The first date story behind the game-changing e-commerce medical supply startup Care.Club

In a fast-paced, modern world of automation, technological innovation, and competitive, startup energy, Bianca Padilla is re-introducing the business world to an even more game-changing concept — care.

And it all started on a first date.

It was 2015, and Padilla met Jonathan Magolnick. On their first date, Magolnick shared with Padilla that he had just won a startup hackathon with an idea for a subscription service for adult diapers.

That man would eventually become her business partner and fiancé. The idea would become, Care.Club, an e-commerce medical supply company offering incontinence, nutritional, personal care, wound care and other medical supplies based in Charlotte.

Care.Club’s thousands of medical-grade SKUs address the needs of the aging Baby Boomer generation. But, in the same turn, they’re so much more than that.

Care.Club is in the relationship business.

“We really care about our connection with and our relationship to caregivers, but also their loved ones,” Padilla says. ”Caregiving is a stressful and emotional job, and a lot of caregivers feel like they don’t have support; so, we’re aware that we provide the products that help them give care, but we also respect that caregivers want to talk to someone who cares, so we listen and provide emotional support when and where we can.”

From an early age, Padilla knew she loved technology — and she wanted to own a company. She started to use a computer at just 4 years old. Then, at age 11, she started a small venture selling candy to classmates — candy she pinned inside her school jacket.

As a student in the early 2010s, learning to code seemed like a natural next step for a business-driven techy. While studying economics and business at New York University, she enrolled in a programming course — but hated it.

She was unsatisfied — and, yet, still eager to learn how to code.

Which leads to something else Padilla always instinctively knew early on: “I was born loving to push myself,” she recalls via phone recently.

Padilla started to learn front-end development online by teaching herself. Without knowing how to code, Padilla created Stasher, a mobile application that allows children to receive payments from family and friends straight into their savings accounts and view their savings in real-time. In 2014, Stasher won first place at Lean Startup Machine, a workshop to build and steer a business in the right direction. It was an experience that taught Padilla not only how to program, but also how to manage a team — a skill she’d come to rely on heavily in the future.

Her experience with Stasher made it abundantly clear that coding was an important and necessary skill if she wanted to start a company. Then, in 2015 after graduating from NYU, she moved back to her hometown of Miami and enrolled in a coding bootcamp at Wyncode Academy to learn back-end development.

She was hired as a software developer for Live Ninja. Two weeks later, she met Magolnick. Then, in 2017, after Magolnick broke up the original adult diapers concept and formed a different company, the two of them self-funded and launched Care.Club. Magolnick and Padilla now serve as CCO and CEO, respectively.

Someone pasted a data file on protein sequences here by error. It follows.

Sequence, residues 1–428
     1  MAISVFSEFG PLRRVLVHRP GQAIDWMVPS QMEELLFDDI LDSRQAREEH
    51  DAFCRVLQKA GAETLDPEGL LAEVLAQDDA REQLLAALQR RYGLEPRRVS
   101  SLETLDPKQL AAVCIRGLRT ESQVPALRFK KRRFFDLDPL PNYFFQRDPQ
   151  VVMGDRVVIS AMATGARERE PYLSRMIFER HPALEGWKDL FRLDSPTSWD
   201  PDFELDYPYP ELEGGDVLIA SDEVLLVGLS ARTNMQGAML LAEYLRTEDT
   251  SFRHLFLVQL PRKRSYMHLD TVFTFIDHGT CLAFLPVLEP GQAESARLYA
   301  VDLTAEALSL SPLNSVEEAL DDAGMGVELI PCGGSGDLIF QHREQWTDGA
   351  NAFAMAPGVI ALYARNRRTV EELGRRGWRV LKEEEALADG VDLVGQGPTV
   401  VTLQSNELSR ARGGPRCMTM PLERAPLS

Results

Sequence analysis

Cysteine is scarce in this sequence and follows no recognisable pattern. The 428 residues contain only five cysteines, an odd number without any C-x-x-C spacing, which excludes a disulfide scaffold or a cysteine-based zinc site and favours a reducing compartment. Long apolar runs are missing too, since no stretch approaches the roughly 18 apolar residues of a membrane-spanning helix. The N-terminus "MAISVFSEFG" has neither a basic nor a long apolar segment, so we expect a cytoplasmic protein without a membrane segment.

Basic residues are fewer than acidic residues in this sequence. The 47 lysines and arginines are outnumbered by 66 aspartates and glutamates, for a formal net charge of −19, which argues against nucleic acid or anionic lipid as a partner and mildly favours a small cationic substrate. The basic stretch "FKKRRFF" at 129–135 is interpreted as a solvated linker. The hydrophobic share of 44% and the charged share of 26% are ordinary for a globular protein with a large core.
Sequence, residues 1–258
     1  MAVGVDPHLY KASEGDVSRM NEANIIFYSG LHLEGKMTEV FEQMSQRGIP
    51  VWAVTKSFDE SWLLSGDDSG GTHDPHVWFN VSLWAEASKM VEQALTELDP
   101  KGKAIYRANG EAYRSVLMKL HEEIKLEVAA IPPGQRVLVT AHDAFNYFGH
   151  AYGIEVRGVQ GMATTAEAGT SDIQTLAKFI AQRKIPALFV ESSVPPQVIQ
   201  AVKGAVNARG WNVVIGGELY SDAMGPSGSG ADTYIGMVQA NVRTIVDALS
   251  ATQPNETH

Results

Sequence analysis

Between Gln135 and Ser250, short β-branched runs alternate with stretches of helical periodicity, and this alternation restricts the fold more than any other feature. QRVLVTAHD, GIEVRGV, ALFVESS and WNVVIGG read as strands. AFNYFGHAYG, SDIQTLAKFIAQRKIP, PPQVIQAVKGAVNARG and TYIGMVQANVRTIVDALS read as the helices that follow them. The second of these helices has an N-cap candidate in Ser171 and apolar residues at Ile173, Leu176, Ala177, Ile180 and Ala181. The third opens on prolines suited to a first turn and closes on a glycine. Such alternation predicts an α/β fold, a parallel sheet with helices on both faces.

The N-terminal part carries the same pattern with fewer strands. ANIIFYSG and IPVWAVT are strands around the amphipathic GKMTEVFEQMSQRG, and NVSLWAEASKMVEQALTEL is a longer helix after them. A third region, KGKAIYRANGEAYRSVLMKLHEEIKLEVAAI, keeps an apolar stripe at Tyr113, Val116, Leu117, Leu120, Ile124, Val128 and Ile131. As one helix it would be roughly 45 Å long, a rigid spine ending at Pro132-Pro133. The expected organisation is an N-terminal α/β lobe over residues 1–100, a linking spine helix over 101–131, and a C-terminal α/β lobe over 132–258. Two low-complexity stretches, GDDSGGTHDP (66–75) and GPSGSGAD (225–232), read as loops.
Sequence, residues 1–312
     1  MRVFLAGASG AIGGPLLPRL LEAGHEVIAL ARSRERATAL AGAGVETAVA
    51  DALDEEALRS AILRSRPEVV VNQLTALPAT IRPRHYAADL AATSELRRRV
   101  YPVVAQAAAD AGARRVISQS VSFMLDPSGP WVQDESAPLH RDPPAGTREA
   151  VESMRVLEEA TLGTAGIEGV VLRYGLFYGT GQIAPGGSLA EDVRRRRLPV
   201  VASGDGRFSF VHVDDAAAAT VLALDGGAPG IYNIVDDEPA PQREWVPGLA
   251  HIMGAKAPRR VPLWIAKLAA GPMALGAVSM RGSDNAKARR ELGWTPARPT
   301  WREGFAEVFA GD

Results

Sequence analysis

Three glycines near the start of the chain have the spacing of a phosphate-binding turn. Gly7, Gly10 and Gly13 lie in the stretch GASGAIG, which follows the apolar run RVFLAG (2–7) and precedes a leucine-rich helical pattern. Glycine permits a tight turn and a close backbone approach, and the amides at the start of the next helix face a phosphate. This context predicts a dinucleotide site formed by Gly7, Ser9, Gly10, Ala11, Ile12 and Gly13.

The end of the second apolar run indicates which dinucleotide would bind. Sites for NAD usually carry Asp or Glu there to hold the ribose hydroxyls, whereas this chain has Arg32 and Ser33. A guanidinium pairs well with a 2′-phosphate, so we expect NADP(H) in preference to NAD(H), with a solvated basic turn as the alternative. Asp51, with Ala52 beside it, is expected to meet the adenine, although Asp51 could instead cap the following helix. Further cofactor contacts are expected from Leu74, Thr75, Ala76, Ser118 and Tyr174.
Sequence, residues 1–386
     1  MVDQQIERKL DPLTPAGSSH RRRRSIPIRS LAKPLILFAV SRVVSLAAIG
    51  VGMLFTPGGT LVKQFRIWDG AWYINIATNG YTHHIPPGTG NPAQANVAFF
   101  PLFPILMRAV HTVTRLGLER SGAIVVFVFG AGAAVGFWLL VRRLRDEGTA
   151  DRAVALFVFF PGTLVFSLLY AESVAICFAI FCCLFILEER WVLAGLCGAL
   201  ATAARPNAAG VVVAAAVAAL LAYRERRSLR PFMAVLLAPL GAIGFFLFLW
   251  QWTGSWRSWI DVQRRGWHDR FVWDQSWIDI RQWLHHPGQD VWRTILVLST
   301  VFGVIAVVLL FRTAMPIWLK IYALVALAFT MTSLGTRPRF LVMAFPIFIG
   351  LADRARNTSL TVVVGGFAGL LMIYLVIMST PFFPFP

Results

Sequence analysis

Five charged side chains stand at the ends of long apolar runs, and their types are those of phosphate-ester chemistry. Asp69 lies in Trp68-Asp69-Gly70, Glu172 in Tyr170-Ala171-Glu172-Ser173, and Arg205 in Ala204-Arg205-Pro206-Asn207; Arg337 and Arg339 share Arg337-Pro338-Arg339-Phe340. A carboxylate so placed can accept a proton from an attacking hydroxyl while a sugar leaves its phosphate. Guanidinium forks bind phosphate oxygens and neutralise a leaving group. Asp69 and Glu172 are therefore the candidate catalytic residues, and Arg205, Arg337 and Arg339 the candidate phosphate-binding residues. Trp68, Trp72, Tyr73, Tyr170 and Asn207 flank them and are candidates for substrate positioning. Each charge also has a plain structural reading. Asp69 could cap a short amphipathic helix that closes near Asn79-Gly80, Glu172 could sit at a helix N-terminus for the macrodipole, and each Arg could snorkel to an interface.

Going above and beyond to exceed customers’ expectations is the standard at Care.Club. Driven by caregiver feedback, Care.Club serves their customers needs by delivering convenience, reliability and trust.

They pride themselves on having enough full-time support to rarely — if ever — miss a direct phone call from a customer or caregiver. Care.Club team members and customer agents send handwritten thank you notes to customers; they’re also given the freedom to make in-the-moment business decisions.

None of that would be possible had Padilla and Magolnick taken any other approach to building a team.

“A lot of these relationships and this level of care is only possible in hiring the right people — people who will naturally go out of their way to be kind and helpful,” Padilla notes. “We consciously give customer service care agents the power and ability to make a customer happy.”

Padilla’s coding experience plays a part in all that, too.

“I want our customer care team to use our website as the best way to train themselves and get the information they need to make important decisions with and for customers and caregivers,” she says.

Today, she is always looking for new technologies to edit, refine and enhance the software development side of Care.Club. She handles anything having to do with operational efficiency including (but not limited to) upgrading the email system or working with the marketing team.

“I’m changing things every day because I want our process from pre-purchase to post-purchase to be an efficient and supportive experience for our customers and caregivers,” she shares.

As a result, both she and Magolnick spend many mornings personally answering phone calls from customers as a way to learn more about their customer base and understand their needs more fully.

It’s all working. The company has grown their monthly sales over 500 percent in 2018 — its second year in business. Really though, it’s about so much more.

“A lot of people call us and tell us how thankful they are,” Padilla says. “We have a customer who is a mother who takes care of her disabled daughter, and she’s tried a lot of similar services online, and she says we’ve been the only people who’ve been reliable and trustworthy; that means a lot.”

Care.Club’s success is proving something else that Padilla always knew about herself.

“I always had a drive to sell something, yes,” she admits. “But really, I was driven to make something better.”

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